[Prayer] Our Heavenly Father, we thank Thee for these magnificent visions that the Apostle John was given and, Lord, we acknowledge that as much as we have pondered the things the apostle has written still there are things that he has written that suggest to us that we shall never have the full understanding until we are there. We thank Thee for the hope that we have that one day by Thy grace through Jesus Christ who died for sinners that we shall walk on the streets of that great city and above all else shall see our Lord’s face.

We thank Thee for the hope that we have in the world of which we’re a part with so many things that would cause us naturally to lose hope. We thank Thee for the great solid certainties of the word of God through the teaching of the apostles that we know and believe, and which comfort us and console us, and strengthen us in our day.

We ask Thy blessing upon the whole church of Christ wherever the word of God is preached today. Not only here, but wherever Christ is lifted up and his saving sacrifice proclaimed. Bless those who minister and those who hear the word. Build up the church of Jesus Christ and increase the number of those who belong through Jesus Christ our Lord.

And, Lord, we ask Thy blessing upon the sick. Particularly minister to them; some are truly suffering. We ask that Thou wilt give them encouragement, and physical help, and spiritual uplift, and consolation. We know that ultimately all of us face the deepest experience of life, death, unless our Lord comes, and we pray, Lord, for those who are suffering at the present time. We commit them to Thee and those that minister to them, their family and their friends.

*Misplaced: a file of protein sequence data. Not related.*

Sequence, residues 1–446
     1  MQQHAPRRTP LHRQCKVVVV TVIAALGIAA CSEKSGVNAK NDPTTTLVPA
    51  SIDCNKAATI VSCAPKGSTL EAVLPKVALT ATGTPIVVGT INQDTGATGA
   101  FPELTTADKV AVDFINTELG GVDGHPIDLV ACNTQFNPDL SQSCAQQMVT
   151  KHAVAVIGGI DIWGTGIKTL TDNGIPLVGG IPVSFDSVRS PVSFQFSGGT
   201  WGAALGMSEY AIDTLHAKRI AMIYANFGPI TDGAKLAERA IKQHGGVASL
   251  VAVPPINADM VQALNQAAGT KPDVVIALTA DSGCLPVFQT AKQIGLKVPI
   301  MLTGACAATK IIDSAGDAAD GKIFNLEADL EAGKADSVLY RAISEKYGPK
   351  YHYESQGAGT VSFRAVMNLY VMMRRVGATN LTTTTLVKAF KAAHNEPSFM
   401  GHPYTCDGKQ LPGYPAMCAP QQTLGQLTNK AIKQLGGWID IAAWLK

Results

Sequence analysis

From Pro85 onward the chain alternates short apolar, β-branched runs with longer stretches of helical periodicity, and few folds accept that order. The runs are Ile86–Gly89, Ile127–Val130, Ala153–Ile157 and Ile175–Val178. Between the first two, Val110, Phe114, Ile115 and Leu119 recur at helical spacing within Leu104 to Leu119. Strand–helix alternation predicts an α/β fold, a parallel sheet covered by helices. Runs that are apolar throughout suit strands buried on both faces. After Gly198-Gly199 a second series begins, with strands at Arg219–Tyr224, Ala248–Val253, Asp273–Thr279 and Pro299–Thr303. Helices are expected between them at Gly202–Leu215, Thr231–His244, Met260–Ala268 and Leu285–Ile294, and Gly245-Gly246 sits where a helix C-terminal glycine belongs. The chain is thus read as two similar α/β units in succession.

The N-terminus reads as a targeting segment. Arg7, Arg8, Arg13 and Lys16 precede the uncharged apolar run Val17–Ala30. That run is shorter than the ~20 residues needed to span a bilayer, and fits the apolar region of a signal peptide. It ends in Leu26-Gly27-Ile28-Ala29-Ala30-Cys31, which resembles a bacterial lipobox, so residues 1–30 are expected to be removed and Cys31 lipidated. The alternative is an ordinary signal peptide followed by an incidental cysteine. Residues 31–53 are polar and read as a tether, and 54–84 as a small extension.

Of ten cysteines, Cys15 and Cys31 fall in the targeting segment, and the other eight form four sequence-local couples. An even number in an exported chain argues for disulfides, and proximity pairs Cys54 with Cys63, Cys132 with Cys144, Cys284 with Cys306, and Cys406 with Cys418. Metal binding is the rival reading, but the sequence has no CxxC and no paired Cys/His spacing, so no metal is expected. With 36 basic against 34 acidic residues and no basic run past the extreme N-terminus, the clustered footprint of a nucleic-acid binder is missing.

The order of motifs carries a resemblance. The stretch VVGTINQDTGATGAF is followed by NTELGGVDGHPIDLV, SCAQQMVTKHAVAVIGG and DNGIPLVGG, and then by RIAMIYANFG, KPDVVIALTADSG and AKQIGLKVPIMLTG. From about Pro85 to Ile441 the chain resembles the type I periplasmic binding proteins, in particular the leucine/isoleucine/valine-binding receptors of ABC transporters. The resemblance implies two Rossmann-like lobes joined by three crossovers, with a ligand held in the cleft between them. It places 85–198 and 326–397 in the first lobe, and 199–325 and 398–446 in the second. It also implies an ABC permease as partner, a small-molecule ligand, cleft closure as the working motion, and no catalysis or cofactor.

And Father, we pray for those who minister the word in the chapel. We ask Thy blessing upon the meeting this evening and upon the ministers of the chapel, may they be fruitful. We commit our day to Thee, our president and all who are associated with him in government, give them wisdom and guidance we pray. Now, Lord, as we sing, as we hear the word of God, minister to us the things that are important, the great spiritual truths of the word of God. For Jesus’ sake. Amen.

[Message] The subject for today as we come near the end of our study of the great apocalypse is, “The Metropolis of the New Earth”. Cain built the first city according to the word of God, but he built it in independence of God. Man’s innate desire to have a common life evidently is good. Nothing is said in Scripture about the fact of the building being contrary to his will, but characteristic of human cities is that they are failures, for God is forgotten. In the Bible, we’ve just had occasion to reflect upon Sodom, which appears in the Book of Revelation, incidentally also, and especially upon the great city of Babylon, the city of the future.

Bismarck the German Chancellor once said that “great cities are great sores upon the body politic”. I think he was right. Our cities are great sores upon the body politic, and as you look around at the cities of the world today, you cannot help but think that they seem to be becoming greater sores than they have been in the past.

The author of the Epistle of the Hebrews had the right idea. He wrote, “For here we have no continuing city, but we seek one to come.” John witnessed this eternal city in the visions that we are looking at in the Book of Revelation, the metropolis of the new creation. A literal city although described in symbolical language is said to be the new Jerusalem. One of the things that we can learn from this, I think, is that embodiment is the end of all the ways of God. There is no pallid, anemic beyond for the soul. We look for a real city.